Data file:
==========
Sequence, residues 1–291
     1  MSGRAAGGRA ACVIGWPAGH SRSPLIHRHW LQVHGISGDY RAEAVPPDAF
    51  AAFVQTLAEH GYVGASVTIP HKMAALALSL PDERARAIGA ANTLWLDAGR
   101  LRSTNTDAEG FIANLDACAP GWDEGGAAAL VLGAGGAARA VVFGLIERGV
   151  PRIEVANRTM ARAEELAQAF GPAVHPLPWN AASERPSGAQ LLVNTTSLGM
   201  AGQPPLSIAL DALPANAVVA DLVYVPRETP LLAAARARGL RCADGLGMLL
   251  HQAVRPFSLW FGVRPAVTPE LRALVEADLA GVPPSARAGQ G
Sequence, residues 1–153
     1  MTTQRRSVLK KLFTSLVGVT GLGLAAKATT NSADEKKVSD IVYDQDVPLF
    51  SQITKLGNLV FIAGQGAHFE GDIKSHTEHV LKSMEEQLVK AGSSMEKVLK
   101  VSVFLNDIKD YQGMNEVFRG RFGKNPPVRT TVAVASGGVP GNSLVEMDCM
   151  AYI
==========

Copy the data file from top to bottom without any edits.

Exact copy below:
Sequence, residues 1–291
     1  MSGRAAGGRA ACVIGWPAGH SRSPLIHRHW LQVHGISGDY RAEAVPPDAF
    51  AAFVQTLAEH GYVGASVTIP HKMAALALSL PDERARAIGA ANTLWLDAGR
   101  LRSTNTDAEG FIANLDACAP GWDEGGAAAL VLGAGGAARA VVFGLIERGV
   151  PRIEVANRTM ARAEELAQAF GPAVHPLPWN AASERPSGAQ LLVNTTSLGM
   201  AGQPPLSIAL DALPANAVVA DLVYVPRETP LLAAARARGL RCADGLGMLL
   251  HQAVRPFSLW FGVRPAVTPE LRALVEADLA GVPPSARAGQ G
Sequence, residues 1–153
     1  MTTQRRSVLK KLFTSLVGVT GLGLAAKATT NSADEKKVSD IVYDQDVPLF
    51  SQITKLGNLV FIAGQGAHFE GDIKSHTEHV LKSMEEQLVK AGSSMEKVLK
   101  VSVFLNDIKD YQGMNEVFRG RFGKNPPVRT TVAVASGGVP GNSLVEMDCM
   151  AYI